New Exposure for Banks to State AG Investigations
In 2005, the New York attorney general began an investigation into the lending practices of several national banks that he believed, based on publicly available data, had issued a disproportionate number of high-interest loans to minority borrowers. The Office of the Comptroller of the Currency (OCC) and a banking trade group went to federal court to enjoin the attorney general’s investigation, arguing that a 2004 regulation promulgated by the OCC prohibited states from enforcing their own fair lending laws. Both the District Court and the 2nd Circuit agreed with the OCC, and the New York attorney general sought Supreme Court review.
On June 29, 2009, the Supreme Court, by a vote of five to four in Cuomo v. The Clearing House Ass’n, L.L.C., largely rejected the OCC’s argument. At issue in the case is a provision of the National Bank Act (NBA) that—as relevant here—provides that national banks shall not “be subject to any visitorial powers except as authorized by Federal law [or] vested in the courts of justice.” In 2004, the OCC adopted a regulation to implement the NBA that prohibited states from “exercis[ing] visitorial powers with respect to national banks, such as conducting examinations, inspecting or requiring the production of books or records of national banks, or prosecuting enforcement actions.” However, the regulation did provide that “production of a bank’s records . . . may be required under normal judicial procedures.”
Writing for an unusual lineup that included Justices Stevens, Souter, Ginsburg and Breyer, Justice Scalia acknowledged “some ambiguity” in the meaning of “visitorial powers.” But such uncertainty, he continued, “does not expand Chevron deference to cover virtually any interpretation of the NBA.” Surveying the Supreme Court’s jurisprudence, the Court deemed it clear that a state’s “‘visitorial powers’ and “its power to enforce the law are two different things,” and the NBA “pre-empts only the former.” The Court also questioned the consequences that would arise from the OCC’s interpretation of the NBA: Although some state laws regulating banks would remain in effect, states would be precluded from enforcing those laws. By contrast, the Court noted, allowing state attorneys general to enforce state laws in court (but not exercise visitorial powers) “would preserve a regime of exclusive administrative oversight by the Comptroller while honoring in fact rather than merely in theory Congress’s decision not to pre-empt substantive state law.” Moreover, the Court notes, judicial law-enforcement proceedings are subject to greater constraints and, thus, will limit the likelihood of “fishing expeditions” by state officials.
Having concluded that the OCC’s regulation was not consistent with the statute insofar as it precluded states from bringing suit to enforce state laws against national banks, the Court then turned to the OCC’s interpretation of its regulation, which purported to limit the scope of the regulation by conceding that states could still regulate national banks in some respects, such as “contracts, debt collection, acquisition and transfer of property, and taxation, zoning, criminal, and tort law.” The exceptions that the OCC would carve out, the Court explained, “cannot be reconciled with the regulation’s almost categorical prohibition in 12 CFR §7.4000(a)(1) of ‘prosecuting enforcement actions.’”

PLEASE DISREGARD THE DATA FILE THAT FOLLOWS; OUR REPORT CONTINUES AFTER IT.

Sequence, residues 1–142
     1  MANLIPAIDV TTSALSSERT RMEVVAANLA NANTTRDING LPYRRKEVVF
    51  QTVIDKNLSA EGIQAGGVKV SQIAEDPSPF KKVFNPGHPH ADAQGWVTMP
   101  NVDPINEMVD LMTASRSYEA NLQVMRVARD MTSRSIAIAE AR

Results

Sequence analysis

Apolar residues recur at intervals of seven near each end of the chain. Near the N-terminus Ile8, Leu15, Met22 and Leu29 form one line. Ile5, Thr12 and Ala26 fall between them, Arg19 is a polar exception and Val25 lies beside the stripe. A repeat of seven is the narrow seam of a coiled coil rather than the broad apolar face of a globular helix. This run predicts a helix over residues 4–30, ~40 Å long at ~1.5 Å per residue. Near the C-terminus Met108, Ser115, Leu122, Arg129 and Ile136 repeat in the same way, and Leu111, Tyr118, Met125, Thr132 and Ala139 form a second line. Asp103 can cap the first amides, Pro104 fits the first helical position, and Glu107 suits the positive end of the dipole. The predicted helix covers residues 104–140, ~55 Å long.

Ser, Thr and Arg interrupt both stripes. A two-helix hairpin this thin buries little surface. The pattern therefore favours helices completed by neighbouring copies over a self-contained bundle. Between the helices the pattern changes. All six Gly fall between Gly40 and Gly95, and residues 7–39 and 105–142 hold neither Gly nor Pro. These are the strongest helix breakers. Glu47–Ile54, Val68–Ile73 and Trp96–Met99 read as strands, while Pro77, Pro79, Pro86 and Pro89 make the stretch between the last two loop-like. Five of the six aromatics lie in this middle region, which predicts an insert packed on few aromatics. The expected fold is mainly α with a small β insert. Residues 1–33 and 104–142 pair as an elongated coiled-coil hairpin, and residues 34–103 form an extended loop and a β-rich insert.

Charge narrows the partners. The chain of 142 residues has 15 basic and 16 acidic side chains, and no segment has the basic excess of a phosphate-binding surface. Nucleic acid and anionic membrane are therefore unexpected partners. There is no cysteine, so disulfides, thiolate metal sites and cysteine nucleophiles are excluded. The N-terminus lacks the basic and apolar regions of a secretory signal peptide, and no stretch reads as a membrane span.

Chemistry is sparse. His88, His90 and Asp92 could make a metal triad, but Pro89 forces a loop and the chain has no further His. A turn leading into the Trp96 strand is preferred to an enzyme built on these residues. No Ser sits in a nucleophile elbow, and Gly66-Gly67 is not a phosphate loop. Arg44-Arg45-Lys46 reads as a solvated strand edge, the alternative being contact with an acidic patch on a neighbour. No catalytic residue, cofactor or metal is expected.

Returning to the facts of the case before it, the Court concluded that because the attorney general had requested information in lieu of a subpoena—rather than, for example, filing a lawsuit or obtaining a search warrant—it would affirm the decision below “as applied to the threatened issuance of executive subpoenas,” but it vacated the decision insofar as it barred judicial law-enforcement actions.
Justice Thomas wrote a decision, joined by the chief justice and Justices Kennedy and Alito, concurring in part and dissenting in part. He would have held that (1) the phrase “visitorial powers” is ambiguous; (2) the OCC’s interpretation of that phrase “fits comfortably within this broad dictionary definition of visitation” and (3) the attorney general’s request for information to enforce state fair lending laws constituted an effort to exercise such powers. In the dissenters’ view, the attorney general’s “federalism-based objections to Chevron deference ultimately turn on a single proposition: It is doubtful that Congress pre-empted state enforcement of state laws but not the underlying state laws themselves.” Even if that were true, however, the dissenters counter that “it is not this Court’s task to decide whether the statutory scheme established by Congress is unusual or even ‘[b]izarre.’ The Court must decide only whether the construction adopted by the agency is unambiguously foreclosed by the statute’s text.”
As a result of the Court’s decision, state attorneys general throughout the country may now seek to enforce their states’ fair lending laws against national banks, creating a scenario in which banks could potentially be subject to conflicting laws in different states.
Given the inevitable interest of testing this newly ratified power, state attorneys general will begin to review consumer complaints and other sources of information regarding the lending practices of national banks in search of opportunities to enforce their respective fair lending laws. Developing an internal compliance review to address suspect lending practices well before they become the focus of an enforcement action would be well advised.
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